Merkley demands answers on mortgage relief funds

– Expressing frustration at the slow pace of a key program, Oregon Sen. Jeff Merkley is pressing federal officials to explain why $75 billion in funding to help people avoid foreclosure is not flowing faster to people in need.

In a pair of letters this week to Treasury Secretary Timothy Geithner and Shawn Duncan, who heads the Department of Housing and Urban Development, Merkley voiced his unhappiness.

“I am writing again to express my frustration that foreclosure filings continue to outpace loan modifications,” Merkley wrote. “I believe that the Making Home Affordable program has more potential to help troubled homeowners.”

And today, Merkley pressed a Treasury official during a Senate hearing.

“To date … we have spent, out the door, $288 billion to the banks, $76 billion to the auto industry, and … $270,000 according to (the independent General Accountability Office) for our homeowners,” Merkley told Assistant Treasury Secretary Herbert M. Allison.

Allison said the agency is improving and that the start-up problems have been addressed.

“We are working with servicers to try to implement as fast as we can, streamlined procedures for people to get into this program,” Allison told Merkley.

“I want to point out that this crisis has gone on for two years. When the Obama administration got into place, they put in effect this program, which is by far the largest mortgage modification program ever attempted. It’s already the most successful, even though it’s not nearly close to the numbers that we want to see,” he said.

Merkley has a special attachment to the program. The money was added by the Obama administration at the insistence of Merkley and other senators in return for their support last January of legislation to release $350 billion in funds to save faltering banks.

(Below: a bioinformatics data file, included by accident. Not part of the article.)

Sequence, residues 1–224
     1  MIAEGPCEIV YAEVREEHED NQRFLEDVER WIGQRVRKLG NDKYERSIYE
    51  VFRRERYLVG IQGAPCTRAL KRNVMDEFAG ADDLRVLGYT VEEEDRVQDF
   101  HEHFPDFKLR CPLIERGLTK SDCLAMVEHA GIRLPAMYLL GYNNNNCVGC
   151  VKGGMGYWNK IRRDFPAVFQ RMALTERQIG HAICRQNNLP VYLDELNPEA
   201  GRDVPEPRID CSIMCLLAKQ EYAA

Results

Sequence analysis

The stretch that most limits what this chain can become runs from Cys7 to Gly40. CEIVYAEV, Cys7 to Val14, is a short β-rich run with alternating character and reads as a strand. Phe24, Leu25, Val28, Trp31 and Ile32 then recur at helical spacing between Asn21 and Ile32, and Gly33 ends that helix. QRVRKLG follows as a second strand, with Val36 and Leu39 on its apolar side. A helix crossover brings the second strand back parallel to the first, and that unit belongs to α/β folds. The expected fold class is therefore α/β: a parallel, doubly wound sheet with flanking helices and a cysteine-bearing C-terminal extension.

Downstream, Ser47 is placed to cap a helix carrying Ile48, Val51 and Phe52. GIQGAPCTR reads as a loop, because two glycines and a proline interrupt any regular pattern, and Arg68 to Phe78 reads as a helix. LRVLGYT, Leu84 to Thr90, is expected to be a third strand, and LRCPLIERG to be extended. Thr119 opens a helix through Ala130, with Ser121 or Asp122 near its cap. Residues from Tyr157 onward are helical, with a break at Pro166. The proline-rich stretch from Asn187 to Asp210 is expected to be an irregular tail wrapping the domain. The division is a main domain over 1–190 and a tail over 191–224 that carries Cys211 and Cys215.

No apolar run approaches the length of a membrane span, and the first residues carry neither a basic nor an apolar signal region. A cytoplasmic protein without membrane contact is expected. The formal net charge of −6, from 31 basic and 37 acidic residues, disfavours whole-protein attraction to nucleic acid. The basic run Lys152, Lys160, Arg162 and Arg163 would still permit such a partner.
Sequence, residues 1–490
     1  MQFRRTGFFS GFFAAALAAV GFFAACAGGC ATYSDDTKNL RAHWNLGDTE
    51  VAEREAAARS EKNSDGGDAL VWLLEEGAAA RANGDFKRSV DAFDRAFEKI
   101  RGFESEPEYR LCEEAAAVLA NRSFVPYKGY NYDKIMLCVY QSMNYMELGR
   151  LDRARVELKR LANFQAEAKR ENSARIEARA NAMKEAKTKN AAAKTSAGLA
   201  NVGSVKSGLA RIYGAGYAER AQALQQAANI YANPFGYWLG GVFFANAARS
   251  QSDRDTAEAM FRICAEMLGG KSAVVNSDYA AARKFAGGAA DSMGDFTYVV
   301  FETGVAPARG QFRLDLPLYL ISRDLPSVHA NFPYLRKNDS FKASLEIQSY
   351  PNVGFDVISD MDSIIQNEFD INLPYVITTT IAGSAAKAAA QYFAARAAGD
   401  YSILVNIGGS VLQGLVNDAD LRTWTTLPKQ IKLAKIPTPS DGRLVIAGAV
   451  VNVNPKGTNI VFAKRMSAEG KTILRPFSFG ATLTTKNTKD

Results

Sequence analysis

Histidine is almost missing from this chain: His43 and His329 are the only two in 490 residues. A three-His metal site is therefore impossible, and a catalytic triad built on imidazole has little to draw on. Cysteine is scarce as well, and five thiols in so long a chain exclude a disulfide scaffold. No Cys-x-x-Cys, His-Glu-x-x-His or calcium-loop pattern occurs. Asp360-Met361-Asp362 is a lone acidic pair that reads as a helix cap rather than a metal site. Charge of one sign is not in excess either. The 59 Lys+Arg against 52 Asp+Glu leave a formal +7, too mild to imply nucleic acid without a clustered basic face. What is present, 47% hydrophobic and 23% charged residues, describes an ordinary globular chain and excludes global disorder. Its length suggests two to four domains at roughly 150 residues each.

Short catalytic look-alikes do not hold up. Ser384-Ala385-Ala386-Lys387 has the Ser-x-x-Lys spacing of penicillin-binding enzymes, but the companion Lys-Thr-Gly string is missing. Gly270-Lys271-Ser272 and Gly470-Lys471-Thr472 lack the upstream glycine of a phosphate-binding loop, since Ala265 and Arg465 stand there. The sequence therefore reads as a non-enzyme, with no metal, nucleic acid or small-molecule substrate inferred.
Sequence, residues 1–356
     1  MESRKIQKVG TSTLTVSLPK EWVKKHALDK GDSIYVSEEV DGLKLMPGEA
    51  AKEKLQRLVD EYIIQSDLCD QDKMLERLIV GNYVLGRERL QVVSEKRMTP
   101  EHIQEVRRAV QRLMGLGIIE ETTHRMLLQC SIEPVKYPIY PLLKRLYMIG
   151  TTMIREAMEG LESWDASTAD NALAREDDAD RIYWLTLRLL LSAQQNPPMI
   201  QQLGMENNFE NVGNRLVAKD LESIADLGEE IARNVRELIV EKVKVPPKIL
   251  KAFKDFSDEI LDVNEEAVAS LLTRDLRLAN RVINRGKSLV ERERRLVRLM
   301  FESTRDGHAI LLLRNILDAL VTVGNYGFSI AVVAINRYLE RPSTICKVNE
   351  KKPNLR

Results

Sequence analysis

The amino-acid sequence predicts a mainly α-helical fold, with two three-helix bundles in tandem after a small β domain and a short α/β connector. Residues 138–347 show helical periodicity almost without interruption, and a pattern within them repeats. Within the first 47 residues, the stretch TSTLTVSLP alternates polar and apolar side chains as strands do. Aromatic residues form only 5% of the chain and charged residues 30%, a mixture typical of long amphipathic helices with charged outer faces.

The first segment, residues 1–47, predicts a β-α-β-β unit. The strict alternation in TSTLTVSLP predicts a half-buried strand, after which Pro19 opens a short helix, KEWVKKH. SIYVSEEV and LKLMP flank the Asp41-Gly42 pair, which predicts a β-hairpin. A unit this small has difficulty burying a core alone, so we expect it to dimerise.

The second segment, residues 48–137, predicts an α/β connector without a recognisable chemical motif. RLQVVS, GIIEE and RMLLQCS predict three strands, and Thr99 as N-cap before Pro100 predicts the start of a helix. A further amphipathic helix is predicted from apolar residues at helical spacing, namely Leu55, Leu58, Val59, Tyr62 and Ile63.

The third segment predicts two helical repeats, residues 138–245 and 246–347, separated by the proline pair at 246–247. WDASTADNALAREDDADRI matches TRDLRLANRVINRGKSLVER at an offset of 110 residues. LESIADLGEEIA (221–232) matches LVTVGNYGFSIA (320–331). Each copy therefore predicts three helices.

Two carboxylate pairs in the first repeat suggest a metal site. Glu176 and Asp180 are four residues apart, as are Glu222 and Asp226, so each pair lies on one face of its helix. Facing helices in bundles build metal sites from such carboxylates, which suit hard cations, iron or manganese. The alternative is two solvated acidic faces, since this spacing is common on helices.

As written, the program intents to help an estimated 9 million people lower their monthly mortgage payment. To qualify, the loans have to be owned or guaranteed by quasi-federal lenders Fannie Mae or Freddie Mac.

While government officials say the program has picked up speed, Merkley and other says there is more to do. This is no academic exercise for many in Oregon. The state’s foreclosure rate the fifth highest in the nation, according to RealtyTrac, with the number of home in foreclosure up 218 percent from 2007.

“Right now, servicer handling of modifications is a black box,” Merkley said in his letter to Geithner and Donovan.

“Borrowers and counselors should know where they stand in the process and be able to identify and ameliorate obstacles to their modification. Servicers should be required to establish an error correction and appeal mechanism, and counselors should be provided with escalation contacts for each loan servicer. This will help to identify where problems are occurring and speed their correction,” the letter said.

Merkley also recommended several changes that he said would make the system more efficient and easier to use. They include using a “single portal” through which all documents can be submitted; a single point of contact for people trying to navigate the complicate process; and providing more “transparency” to the program.

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